Legal Entity Identifier and Trusts

(Julie Bullough) #1

We have had a letter from a firm of Stockbrokers stating that, due to new set of EU regulations (Markets in Financial Instruments Directive II), in order for them to continue to deal or transact on behalf of the trustees managing the trust funds, the Trust needs an LEI code. They state this comes into effect in January 2018.

I have heard absolutely nothing about this. I have spoken to one or two other stockbrokers we use and they have no knowledge of theses regulations either.

I don’t doubt the information we have received is correct but, as with FATCA and CRS, I would like some guidance on this and wonder when we can expect some information.

Julie Bullough
Coupe Bradbury

(Paul Saunders) #2

A Legal Entity Identifier (LEI) is another “tool” to help prevent money-laundering, etc.

With effect from January 2018, I understand an entity will require an LEI to undertake any financial transaction. I believe this will also apply to your late Aunt Agatha’s executors selling her handful of shares in Lloyds Bank.

I understand “Entity” includes not just a corporate entity but also individual trusts and estates.

It is similar in effect to the identification and verification process for an individual, except that once the legal entity has an LEI, it only needs to quote it to any relevant service provider, rather than go through the whole process ever time.

When applying for an LEI, the “entity” needs to be able to refer to a source to confirm its identity. With companies, this can be straightforward – they are all registered at Companies House. However, with trusts there has been a lot of discussion, as there is no central record of trusts.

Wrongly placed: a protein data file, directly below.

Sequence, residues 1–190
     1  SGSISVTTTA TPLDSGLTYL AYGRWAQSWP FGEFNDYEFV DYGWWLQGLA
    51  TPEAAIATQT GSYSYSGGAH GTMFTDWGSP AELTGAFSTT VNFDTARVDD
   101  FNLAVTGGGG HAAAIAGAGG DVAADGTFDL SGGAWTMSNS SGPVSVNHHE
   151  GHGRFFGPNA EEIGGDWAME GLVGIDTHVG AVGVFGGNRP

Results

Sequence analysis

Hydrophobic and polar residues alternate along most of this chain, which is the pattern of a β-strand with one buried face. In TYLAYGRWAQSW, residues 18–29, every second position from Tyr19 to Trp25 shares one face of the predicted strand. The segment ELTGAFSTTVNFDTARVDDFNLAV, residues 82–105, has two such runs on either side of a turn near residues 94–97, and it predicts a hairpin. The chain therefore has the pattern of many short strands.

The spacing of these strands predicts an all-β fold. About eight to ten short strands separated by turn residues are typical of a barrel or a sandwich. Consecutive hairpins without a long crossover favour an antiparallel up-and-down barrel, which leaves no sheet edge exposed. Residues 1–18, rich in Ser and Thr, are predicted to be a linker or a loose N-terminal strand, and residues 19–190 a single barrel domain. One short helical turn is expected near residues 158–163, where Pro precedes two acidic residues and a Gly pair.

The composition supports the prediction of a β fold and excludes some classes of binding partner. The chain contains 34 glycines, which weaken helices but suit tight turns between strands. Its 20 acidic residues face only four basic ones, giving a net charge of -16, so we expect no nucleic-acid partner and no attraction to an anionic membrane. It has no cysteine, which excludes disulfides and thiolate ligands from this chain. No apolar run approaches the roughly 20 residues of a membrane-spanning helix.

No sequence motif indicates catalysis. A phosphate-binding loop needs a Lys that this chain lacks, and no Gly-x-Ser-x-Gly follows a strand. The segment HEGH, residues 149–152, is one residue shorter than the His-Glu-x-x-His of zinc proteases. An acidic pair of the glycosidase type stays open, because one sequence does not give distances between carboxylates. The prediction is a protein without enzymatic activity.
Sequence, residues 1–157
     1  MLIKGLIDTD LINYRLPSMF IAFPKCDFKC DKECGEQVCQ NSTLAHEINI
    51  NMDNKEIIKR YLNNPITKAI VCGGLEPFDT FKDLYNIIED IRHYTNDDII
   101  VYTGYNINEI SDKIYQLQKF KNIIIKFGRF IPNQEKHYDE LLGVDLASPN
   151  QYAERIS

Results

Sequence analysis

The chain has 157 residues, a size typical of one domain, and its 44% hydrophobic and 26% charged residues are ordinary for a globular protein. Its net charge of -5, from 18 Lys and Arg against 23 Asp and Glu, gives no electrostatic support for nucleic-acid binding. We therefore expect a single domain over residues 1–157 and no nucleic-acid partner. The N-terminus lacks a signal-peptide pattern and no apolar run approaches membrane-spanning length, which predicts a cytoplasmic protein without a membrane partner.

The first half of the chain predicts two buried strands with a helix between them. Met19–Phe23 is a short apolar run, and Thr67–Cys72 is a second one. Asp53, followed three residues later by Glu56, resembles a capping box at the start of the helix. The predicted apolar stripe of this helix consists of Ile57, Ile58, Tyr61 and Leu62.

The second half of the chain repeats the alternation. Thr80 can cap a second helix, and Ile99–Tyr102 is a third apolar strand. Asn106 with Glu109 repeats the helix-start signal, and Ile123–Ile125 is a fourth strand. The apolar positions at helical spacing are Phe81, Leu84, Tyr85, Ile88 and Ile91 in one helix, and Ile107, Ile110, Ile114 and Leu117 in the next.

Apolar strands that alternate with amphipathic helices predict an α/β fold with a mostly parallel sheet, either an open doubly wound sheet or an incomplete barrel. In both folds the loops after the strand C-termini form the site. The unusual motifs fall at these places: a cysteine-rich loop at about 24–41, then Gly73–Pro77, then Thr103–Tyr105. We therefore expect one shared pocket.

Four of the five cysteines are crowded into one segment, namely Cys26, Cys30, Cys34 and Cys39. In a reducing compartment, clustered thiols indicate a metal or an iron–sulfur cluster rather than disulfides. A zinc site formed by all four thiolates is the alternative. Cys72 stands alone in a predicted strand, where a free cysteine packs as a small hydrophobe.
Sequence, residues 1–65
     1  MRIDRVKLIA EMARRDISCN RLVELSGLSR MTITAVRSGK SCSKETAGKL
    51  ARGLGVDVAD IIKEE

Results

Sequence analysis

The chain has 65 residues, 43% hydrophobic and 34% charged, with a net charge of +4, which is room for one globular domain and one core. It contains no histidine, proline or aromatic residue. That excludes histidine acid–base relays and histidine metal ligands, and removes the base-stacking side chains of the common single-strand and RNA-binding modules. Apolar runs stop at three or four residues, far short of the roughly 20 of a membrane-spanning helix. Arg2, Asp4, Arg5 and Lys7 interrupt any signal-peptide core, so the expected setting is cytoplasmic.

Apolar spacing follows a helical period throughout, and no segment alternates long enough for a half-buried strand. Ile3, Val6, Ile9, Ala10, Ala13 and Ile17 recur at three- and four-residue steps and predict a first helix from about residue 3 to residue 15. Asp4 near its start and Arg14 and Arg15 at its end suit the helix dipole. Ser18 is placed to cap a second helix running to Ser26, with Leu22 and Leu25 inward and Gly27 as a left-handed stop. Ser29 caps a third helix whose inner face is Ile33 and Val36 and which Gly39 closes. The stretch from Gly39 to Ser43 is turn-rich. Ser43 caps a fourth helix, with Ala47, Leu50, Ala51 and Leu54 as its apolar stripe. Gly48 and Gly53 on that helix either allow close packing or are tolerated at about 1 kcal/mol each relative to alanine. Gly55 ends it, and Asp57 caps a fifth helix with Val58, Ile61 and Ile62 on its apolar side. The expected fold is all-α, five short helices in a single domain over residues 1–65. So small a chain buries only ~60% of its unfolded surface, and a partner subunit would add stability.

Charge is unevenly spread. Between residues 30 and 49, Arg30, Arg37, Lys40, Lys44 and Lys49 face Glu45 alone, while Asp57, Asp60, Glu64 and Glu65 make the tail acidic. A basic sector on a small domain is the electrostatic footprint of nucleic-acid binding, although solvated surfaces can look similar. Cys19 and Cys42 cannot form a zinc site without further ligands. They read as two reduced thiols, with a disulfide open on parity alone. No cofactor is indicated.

It has been suggested that where trust returns are made to HMRC, the UTR (unique taxpayer reference) will help enable the issue of an LEI, but I am not sure how far that discussion has progressed (or if every trust and estate actually has a UTR).

If there is a corporate trustee, I understand it will be possible for that trustee to obtain an LEI for its trusts more efficiently than for a trust with individual trustees.

Within the UK, an LEI is issued by The London Stock Exchange. There is a set-up fee and an annual fee.

It is good to know that at least some stockbrokers are warning their clients of the need for an LEI, rather than leaving it until the last moment.

Paul Saunders

(Andrew M Mortimer) #3


Thanks for this information

You can bet your bottom $ that not every trust and estate that holds
investments has a UTR!

Andrew M Mortimer

(Julie Bullough) #4

Thanks Paul. I am reading conflicting information about whether an LEI is required for all investments i.e. bonds, collectives, or, just directly held equities. Are you able to clarify this point?
Julie Bullough
Coupe Bradbury

(Paul Saunders) #5

Using search engines takes you mostly to sites that will tell you how to get an LEI, or the history of their development.

Other than Deutsche Bank, most sites refer to “financial transactions”. The Deutsche web site refers to dealings in “financial instruments”. This could still mean almost anything (but would at least appear to exclude bank accounts, hopefully).

I hope professional bodies are able to offer guidance to their members in good time to enable any necessary registrations to be completed before the year end (I suspect there may be a year-end rush as affected practitioners put it off until they have the time to understand and deal with it!).